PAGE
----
Case description
We developed a multi-institutional partnership to undertake a comprehensive analysis of the research environment at Mozambique’s major public universities to identify factors that have served as barriers to the development of a robust research enterprise. Based on this analysis, we developed a multifaceted plan to reduce the impact of these barriers and to enhance research capacity within Mozambique.
Interventions
On the basis of our needs assessment, we have implemented a number of major initiatives within participating institutions to facilitate basic and applied research activities. These have included specialized training programmes, a reorganization of the research administration infrastructure, the development of multiple collaborative research projects that have emphasized local research priorities and a substantial investment in bioinformatics. We have established a research support centre that provides grant development and management services to Mozambique’s public universities and have developed an independent Institutional Review Board for the review of research involving human research subjects. Multiple research projects involving both communicable and non-communicable diseases have been developed and substantial external research support has been obtained to undertake these projects. A sizable investment in biomedical informatics has enhanced both connectivity and access to digital reference material. Active engagement with relevant entities within the Government of Mozambique has aligned institutional development with national priorities.
Conclusions
Although multiple challenges remain, over the past 3 years significant progress has been made towards establishing conditions within which a broad range of basic, translational and clinical and public health research can be undertaken. Ongoing development of this research enterprise will enhance capacity to address critical locally relevant research questions and will leverage resources to accelerate the development of Mozambique’s national universities.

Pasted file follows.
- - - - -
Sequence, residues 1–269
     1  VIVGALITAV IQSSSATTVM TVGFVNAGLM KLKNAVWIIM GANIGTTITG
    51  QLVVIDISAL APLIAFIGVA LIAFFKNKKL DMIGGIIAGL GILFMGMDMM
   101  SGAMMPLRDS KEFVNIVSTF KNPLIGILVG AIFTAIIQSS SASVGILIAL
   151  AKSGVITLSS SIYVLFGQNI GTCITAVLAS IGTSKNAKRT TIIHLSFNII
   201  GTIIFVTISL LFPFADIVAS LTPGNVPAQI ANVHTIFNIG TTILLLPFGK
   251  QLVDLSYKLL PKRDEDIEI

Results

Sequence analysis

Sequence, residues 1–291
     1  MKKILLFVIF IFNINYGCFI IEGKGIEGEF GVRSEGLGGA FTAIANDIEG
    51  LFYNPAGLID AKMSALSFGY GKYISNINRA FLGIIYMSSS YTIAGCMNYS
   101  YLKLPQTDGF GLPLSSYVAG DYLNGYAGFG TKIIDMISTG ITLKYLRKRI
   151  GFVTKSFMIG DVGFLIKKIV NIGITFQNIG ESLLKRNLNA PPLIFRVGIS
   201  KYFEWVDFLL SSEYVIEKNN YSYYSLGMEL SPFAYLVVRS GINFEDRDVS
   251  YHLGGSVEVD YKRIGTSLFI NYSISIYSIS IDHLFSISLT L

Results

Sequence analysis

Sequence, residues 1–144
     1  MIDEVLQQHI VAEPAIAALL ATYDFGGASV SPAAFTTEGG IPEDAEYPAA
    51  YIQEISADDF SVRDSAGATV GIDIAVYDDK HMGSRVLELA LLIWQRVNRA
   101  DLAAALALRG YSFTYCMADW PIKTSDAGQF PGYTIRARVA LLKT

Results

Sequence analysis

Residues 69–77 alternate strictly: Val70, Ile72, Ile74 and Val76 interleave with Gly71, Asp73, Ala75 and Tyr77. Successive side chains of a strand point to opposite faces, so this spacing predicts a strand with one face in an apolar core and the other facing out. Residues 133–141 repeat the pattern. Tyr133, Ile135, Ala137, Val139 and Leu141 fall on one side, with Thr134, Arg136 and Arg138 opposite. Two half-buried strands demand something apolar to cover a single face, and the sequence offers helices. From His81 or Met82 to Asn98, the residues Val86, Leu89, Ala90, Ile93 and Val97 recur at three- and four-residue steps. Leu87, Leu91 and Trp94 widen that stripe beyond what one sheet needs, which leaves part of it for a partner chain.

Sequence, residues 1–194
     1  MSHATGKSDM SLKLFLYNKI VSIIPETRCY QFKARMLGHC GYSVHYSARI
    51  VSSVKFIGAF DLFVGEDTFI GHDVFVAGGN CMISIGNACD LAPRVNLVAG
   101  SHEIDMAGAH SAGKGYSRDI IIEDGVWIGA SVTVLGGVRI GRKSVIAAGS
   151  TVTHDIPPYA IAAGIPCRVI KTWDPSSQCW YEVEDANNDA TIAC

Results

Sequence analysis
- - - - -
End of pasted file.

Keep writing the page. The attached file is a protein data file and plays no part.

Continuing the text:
doi:10.1186/1478-4491-11-62
PMCID: PMC3895849  PMID: 24304706
Research; Research capacity building in Mozambique; MEPI Mozambique
7.  The U.S. training institute for dissemination and implementation research in health 
Background
The science of dissemination and implementation (D&I) is advancing the knowledge base for how best to integrate evidence-based interventions within clinical and community settings and how to recast the nature or conduct of the research itself to make it more relevant and actionable in those settings. While the field is growing, there are only a few training programs for D&I research; this is an important avenue to help build the field’s capacity. To improve the United States’ capacity for D&I research, the National Institutes of Health and Veterans Health Administration collaborated to develop a five-day training institute for postdoctoral level applicants aspiring to advance this science.
Methods
We describe the background, goals, structure, curriculum, application process, trainee evaluation, and future plans for the Training in Dissemination and Implementation Research in Health (TIDIRH).
Results
The TIDIRH used a five-day residential immersion to maximize opportunities for trainees and faculty to interact. The train-the-trainer-like approach was intended to equip participants with materials that they could readily take back to their home institutions to increase interest and further investment in D&I. The TIDIRH curriculum included a balance of structured large group discussions and interactive small group sessions.
Thirty-five of 266 applicants for the first annual training institute were accepted from a variety of disciplines, including psychology (12 trainees); medicine (6 trainees); epidemiology (5 trainees); health behavior/health education (4 trainees); and 1 trainee each from education & human development, health policy and management, health services research, public health studies, public policy and social work, with a maximum of two individuals from any one institution. The institute was rated as very helpful by attendees, and by six months after the institute, a follow-up survey (97% return rate) revealed that 72% had initiated a new grant proposal in D&I research; 28% had received funding, and 77% had used skills from TIDIRH to influence their peers from different disciplines about D&I research through building local research networks, organizing formal presentations and symposia, teaching and by leading interdisciplinary teams to conduct D&I research.